One moment, I was happily dancing in the rain,
The next I was crying, cowering in my shower’s corner.
The manic moments got fewer while the depressive episodes grew longer every time. Rationally, I knew that it was all in my head. I knew that I was allowed to live and to love and to accept affection too. But during the depressive moments, I couldn’t remember those things; I couldn’t hear them. The voices in my head telling me that I am a waste of space or that I don’t matter, they were louder than any reason or sense. And they hurt. So much. Every time a little more. I tried to silence them with music. I tried to mum them with positive thoughts. I even tried to cut them out of my skin and singing them to sleep with alcohol and pills. Nothing worked.
And now I sat here in the shower hiding in the corner, naked and shivering.
These fragile and frail moments were my secret. But I am not sure how well I hid it.
I read in a book that we need to talk and speak up to remind our minds that we are real and alive. I was thinking about that under the cold shower spray. Sobbing, I bit the skin on my arm. The gesture was not to hurt me, but to feel and root my overwhelmed self. I do that too during sex, but that’s more to avoid making too much noise. That’s a different subject.
I watched the water run down my legs in rivulets, little rivers of sorrow. It was a mix of the shower spray, my tears, and, let’s face it, snot was in the mix too. But I was too far gone to care. I tried remembering what had triggered this explosion of emotions, but I couldn’t remember. And it agitated me even more. I forgot so much. Was I too focussed on myself, or not enough? I was just trying to stay alive! The lack of understanding, of meaning, of connection, mixed with insomnia, abject loneliness, and solitude – it was killing me. Or maybe, maybe I was killing myself. Self-loathing, self-destructive, absent from my self.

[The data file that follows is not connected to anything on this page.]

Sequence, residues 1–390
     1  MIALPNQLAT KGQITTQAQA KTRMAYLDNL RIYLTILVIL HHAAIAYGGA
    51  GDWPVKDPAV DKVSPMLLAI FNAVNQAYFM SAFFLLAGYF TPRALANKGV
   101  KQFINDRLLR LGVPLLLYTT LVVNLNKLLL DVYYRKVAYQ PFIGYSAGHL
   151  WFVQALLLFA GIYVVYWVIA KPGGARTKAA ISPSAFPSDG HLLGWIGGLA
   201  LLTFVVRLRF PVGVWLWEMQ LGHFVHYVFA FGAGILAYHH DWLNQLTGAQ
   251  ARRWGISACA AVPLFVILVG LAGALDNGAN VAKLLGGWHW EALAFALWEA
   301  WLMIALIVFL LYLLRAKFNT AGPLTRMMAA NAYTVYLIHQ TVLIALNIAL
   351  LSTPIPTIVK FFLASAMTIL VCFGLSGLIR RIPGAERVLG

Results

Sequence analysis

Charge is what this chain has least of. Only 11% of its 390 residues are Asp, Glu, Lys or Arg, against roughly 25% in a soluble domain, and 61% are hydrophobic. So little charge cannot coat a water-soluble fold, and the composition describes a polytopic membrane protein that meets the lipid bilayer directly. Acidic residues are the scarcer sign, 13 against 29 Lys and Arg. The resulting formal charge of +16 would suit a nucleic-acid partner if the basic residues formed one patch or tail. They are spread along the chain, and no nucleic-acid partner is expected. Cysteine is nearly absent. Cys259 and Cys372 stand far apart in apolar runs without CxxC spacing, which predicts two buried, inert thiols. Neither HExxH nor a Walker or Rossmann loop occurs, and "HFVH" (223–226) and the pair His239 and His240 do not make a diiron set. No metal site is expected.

The water kept caressing the goosebumps all over my body. I hugged myself tighter and bit my skin harder. I looked up to the ceiling. And when I looked down at my knees again, I felt empty. As if this was not me anymore. As if someone had found a switch to turn my emotions off. My sobbing stopped. I got up and turned to water off. Empty. Just going through the motions. As if it was not me. The lights were still on, but no one was at home anymore. I was a robot. A puppet on my mind’s strings. I grew calm but exhausted. Tired. So so tired.
I grabbed my towel and dried off without much care. Heading to my bedroom, I sat down on the mattress, naked as I was; grabbed my pillow – the one I cuddle at night, and rolled myself into a position that made me as small as possible. Fetal position.
I remember thinking that I was not thinking anymore. And then I drifted off.
In the middle of the night, I woke up because I was trembling and felt cold. I covered myself with the sheets and fell into a dreamless slumber. The next time I woke up, it saw the morning light illuminating my bedroom. I felt rested but hungover from the heavy emotions I had felt the night before. I had the image in my head of what a pitiful sight I had been in the shower. Everything else was still a bit foggy.
But as I said, these moments of vulnerability and of my fragile mind being on full display are my secrets. Just mine. No one will ever know the truth.
There was something on my arm; a bruise was forming, the skin was changing colours, reminding me of what I had done.
In sane moments, I wonder why I can’t be normal. Wouldn’t it be easier to be detached from myself more often? Who knows? Who cares? In the end, it doesn’t matter.
We live. We die. And everything we feel in between is not real for anyone but us.